Bulking On A Vegetarian Diet

First things first, what is bulking? This term refers to the process of gaining muscle, usually through conventional and unconventional strength training methods paired with a well-rounded diet. Speaking generally, this process happens when you consume more calories than you expend. These excess calories will either be used as energy or stored by your body as muscle or fat. Bulking is a tedious process that can be just as difficult as shedding pounds because of the timing and meal portions, and it can also be quite costly.

This process can be especially difficult for vegetarians, who usually consume less protein in their daily diet than their omnivorous counterparts. It is, however, still very possible to gain muscle mass on a vegetarian diet.

To start out, you’ll have to find out roughly how many calories you need to consume for a proper bulk. There are several sources for this information online. Personally, I’ve found this calculator especially useful, as it provides an excellent step-by-step system that calculates the number of calories and percentage of macros needed to consume for a proper bulk.

For vegetarians, finding the proper sources of these nutrients can be a bit of a struggle, especially with regards to protein. Although meat is one of the cheapest and most efficient sources of protein, it is still possible to get in all your macros without a single source of meat. There are a wide variety of natural foods that are great sources of protein-eggs, low-fat milk (or almond/coconut milk), non-fat plain Greek yogurt and nut butter are all convenient options that can be incorporated into meals throughout the day. Beans can form a complete protein when paired with rice and a banana or glass of low-fat milk as post-workout snack encourages muscle growth.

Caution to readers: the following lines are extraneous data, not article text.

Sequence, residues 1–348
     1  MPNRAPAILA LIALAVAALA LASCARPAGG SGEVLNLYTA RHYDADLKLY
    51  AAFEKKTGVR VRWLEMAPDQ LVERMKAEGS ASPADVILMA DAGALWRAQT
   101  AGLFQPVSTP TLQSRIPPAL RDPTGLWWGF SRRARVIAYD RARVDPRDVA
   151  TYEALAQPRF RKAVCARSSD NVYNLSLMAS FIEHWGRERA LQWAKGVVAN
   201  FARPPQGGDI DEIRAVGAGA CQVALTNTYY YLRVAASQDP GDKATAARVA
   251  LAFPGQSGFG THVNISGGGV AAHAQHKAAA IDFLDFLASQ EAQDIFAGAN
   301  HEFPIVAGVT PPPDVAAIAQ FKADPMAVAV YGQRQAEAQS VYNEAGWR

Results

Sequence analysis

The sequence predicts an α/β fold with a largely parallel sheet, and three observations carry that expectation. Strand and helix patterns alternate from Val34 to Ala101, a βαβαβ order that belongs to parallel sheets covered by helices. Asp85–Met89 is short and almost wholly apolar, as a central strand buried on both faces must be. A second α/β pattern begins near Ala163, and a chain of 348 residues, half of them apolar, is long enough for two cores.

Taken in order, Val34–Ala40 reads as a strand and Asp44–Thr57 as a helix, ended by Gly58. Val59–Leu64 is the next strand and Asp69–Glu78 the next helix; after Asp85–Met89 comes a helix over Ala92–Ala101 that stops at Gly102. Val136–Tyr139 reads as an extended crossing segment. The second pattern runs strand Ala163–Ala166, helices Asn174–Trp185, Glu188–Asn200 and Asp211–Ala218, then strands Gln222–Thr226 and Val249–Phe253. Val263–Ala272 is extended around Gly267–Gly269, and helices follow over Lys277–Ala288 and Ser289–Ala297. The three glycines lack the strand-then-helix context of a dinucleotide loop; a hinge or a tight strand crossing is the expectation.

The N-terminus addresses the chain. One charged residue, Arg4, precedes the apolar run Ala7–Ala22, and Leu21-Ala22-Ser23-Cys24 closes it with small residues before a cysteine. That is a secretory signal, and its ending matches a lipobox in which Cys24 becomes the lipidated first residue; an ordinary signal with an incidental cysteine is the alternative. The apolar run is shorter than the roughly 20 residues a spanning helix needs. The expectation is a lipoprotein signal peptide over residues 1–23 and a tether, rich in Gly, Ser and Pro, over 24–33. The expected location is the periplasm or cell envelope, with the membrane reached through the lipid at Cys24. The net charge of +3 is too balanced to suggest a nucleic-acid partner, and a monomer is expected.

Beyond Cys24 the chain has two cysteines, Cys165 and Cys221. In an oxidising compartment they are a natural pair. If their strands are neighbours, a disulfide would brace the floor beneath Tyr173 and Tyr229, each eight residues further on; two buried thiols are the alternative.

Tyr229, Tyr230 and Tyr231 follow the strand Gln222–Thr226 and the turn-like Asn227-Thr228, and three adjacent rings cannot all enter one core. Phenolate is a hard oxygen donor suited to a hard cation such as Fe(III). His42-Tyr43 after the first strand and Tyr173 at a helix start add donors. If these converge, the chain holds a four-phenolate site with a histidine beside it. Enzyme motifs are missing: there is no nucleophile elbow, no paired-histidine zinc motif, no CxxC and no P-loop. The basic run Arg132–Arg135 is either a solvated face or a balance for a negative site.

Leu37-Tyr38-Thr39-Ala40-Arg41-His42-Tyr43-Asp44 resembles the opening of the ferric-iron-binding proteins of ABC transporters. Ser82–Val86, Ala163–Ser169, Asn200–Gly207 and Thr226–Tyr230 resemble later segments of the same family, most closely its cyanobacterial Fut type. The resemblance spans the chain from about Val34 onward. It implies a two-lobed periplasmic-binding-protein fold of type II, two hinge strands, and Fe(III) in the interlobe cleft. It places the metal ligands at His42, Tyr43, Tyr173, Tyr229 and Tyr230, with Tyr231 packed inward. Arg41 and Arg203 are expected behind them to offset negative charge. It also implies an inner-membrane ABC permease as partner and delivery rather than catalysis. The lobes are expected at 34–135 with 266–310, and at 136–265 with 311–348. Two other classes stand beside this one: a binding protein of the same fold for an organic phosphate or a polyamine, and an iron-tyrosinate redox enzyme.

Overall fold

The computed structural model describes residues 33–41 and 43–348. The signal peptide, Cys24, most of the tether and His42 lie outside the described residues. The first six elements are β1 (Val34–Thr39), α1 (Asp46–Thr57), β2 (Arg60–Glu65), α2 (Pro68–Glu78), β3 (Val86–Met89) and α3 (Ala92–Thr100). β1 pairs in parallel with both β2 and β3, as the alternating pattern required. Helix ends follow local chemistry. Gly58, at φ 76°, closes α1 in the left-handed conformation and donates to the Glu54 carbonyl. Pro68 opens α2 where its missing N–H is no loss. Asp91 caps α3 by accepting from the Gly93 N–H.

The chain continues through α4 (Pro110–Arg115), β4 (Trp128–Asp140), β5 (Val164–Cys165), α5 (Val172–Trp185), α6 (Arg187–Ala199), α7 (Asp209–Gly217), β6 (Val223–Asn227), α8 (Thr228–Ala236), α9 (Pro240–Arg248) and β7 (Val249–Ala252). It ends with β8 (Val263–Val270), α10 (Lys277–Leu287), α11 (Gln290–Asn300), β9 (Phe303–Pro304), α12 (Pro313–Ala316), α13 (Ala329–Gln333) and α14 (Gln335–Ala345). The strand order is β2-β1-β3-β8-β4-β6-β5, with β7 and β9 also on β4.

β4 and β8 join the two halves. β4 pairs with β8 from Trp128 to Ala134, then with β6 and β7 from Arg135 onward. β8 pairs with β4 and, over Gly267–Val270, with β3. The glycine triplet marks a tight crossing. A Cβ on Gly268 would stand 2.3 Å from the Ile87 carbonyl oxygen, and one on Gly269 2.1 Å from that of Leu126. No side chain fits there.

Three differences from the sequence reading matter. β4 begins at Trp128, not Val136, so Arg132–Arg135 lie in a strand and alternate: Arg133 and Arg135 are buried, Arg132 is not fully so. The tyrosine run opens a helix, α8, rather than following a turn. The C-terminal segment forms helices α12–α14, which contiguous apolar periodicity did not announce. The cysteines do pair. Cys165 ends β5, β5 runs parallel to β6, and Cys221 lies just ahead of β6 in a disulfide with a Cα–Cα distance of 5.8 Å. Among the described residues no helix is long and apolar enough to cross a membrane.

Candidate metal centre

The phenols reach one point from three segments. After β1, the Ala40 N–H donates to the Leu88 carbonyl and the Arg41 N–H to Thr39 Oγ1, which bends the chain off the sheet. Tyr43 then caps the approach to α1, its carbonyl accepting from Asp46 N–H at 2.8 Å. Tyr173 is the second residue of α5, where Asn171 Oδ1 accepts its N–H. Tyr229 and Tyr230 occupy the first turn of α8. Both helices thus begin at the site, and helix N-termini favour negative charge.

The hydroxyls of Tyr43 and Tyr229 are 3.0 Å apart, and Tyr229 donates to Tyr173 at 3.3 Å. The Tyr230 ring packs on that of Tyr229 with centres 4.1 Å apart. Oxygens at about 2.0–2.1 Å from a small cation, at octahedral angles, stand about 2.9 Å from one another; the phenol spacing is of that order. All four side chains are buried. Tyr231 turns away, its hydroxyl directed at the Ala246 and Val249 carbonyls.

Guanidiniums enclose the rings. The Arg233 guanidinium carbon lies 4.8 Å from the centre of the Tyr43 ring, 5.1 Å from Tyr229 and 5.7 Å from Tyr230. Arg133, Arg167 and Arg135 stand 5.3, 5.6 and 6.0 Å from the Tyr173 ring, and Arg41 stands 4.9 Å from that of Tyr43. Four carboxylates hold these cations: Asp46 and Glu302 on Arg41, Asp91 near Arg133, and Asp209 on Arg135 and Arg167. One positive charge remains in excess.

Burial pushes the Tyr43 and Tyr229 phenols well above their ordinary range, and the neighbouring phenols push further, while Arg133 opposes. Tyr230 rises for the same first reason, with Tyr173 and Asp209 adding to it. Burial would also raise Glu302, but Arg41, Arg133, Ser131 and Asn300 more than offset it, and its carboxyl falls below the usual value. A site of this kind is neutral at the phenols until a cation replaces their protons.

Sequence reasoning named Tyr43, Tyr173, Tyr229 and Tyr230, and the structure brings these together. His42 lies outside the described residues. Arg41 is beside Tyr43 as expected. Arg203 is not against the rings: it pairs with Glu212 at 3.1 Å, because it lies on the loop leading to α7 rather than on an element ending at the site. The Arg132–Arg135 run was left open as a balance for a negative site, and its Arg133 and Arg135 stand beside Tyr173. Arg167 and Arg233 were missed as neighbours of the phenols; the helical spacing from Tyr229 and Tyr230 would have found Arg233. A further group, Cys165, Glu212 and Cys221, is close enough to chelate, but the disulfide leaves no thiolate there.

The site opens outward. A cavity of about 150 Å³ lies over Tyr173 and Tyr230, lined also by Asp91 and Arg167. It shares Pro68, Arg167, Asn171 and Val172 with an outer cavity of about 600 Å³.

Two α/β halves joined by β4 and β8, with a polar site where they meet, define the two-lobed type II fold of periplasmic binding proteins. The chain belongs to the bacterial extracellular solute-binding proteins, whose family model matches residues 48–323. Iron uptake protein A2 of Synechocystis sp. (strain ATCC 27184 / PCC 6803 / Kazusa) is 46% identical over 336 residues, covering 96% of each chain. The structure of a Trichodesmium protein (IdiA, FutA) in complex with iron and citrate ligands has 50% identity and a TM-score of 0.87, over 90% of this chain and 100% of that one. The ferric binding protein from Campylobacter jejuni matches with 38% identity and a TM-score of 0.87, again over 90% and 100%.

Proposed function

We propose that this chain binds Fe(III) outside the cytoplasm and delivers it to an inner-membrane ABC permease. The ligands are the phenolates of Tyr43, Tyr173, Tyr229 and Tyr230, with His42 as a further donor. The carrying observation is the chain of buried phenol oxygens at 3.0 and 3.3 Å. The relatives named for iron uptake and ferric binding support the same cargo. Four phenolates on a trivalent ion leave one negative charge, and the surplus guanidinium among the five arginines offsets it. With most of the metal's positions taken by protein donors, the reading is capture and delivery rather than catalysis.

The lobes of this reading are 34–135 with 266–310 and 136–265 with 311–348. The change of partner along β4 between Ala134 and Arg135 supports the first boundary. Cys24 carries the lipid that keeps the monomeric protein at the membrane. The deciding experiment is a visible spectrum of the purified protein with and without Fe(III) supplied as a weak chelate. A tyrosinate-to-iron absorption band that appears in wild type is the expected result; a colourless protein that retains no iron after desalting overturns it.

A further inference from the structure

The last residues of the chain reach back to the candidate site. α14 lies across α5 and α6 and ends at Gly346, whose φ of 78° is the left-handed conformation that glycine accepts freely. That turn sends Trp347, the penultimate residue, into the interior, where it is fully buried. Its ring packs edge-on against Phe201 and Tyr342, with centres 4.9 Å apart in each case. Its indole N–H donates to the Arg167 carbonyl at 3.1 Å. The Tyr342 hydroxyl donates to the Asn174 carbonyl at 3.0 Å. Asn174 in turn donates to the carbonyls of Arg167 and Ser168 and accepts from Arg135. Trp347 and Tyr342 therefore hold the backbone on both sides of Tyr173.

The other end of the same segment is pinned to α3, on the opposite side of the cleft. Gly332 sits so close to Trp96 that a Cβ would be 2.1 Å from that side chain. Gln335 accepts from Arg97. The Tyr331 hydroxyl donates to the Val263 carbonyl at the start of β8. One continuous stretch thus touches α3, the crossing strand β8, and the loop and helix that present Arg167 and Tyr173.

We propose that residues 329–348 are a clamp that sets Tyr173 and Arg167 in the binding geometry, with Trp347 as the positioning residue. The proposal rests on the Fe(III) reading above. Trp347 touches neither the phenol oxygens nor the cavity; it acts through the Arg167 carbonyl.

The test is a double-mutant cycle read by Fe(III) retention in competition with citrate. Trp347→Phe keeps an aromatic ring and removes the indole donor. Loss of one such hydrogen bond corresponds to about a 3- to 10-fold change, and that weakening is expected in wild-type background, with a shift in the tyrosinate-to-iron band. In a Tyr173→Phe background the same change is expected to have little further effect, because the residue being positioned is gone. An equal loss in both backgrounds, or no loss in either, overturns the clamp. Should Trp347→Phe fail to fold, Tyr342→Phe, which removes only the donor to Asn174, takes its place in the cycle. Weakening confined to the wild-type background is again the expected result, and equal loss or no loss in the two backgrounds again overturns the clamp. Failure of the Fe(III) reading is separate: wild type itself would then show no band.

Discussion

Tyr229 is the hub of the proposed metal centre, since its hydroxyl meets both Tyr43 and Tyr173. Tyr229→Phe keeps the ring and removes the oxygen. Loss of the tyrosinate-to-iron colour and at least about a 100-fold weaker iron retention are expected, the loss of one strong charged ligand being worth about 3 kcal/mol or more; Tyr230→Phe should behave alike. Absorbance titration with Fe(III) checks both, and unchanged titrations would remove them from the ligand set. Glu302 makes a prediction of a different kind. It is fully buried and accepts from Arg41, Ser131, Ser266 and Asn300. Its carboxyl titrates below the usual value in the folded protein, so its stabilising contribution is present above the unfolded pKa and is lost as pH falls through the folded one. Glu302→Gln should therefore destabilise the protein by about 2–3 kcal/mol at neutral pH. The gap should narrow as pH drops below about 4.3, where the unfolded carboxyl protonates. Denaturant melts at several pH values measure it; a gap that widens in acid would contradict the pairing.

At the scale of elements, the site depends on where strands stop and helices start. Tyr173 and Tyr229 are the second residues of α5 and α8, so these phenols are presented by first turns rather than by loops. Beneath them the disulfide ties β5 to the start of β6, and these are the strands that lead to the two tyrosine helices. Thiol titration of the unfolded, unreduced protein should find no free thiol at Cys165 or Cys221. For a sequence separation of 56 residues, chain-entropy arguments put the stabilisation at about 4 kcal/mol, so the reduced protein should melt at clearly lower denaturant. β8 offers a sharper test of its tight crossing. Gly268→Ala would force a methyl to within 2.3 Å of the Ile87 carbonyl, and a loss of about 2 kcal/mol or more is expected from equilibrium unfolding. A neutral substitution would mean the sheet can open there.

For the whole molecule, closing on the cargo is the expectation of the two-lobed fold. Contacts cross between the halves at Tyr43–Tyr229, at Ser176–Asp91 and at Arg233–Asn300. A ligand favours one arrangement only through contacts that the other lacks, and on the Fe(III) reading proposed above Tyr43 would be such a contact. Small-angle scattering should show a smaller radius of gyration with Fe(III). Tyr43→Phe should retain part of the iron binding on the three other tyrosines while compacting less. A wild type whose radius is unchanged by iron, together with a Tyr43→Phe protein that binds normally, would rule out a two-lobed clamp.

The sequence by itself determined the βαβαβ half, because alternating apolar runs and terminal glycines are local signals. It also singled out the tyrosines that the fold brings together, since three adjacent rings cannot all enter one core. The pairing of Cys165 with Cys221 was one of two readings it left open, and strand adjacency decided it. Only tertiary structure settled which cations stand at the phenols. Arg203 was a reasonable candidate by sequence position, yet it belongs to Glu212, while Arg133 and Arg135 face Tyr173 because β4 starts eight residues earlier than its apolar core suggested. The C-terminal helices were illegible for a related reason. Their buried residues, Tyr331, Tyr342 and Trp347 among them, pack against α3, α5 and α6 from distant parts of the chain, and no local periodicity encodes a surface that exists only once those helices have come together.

A convenient and commonly used source of protein is whey protein powder. The cleanest protein power for vegetarians is an isolated form of any protein. To identify an isolate protein powder, make sure the very first ingredient on the label lists “protein isolate” or something along those lines.

Soy can provide another great protein boost when consumed in moderation. There are plenty of frozen brands that major supermarkets carry and are easy to stock up on. These are extremely convenient options, but we recommend proceeding with a bit of caution. Soy is great in moderation, but studies have shown that consuming large amounts of soy can potentially cause hormone imbalances.

Getting protein can be tough, but manageable. At the same time, your fats and carbohydrates play an important role in a fit lifestyle. Make sure you’re choosing the right kinds of carbs and fats. Whole wheat carbs and low glycemic fruits and roots allow for slower digestion and a lower insulin spike. Turn to avocados, olive oil, and nuts as a source of healthy, beneficial fats.

With regards to the fitness routine that best suits your body, vegetarians and omnivores alike should seek out a certified personal trainer if they are just learning about proper weight lifting and strength training technique. The types of exercises you do, weight, reps, and sets will be just as important as your diet as you gain muscle.

Kevan Patel
Motion Genome Project Intern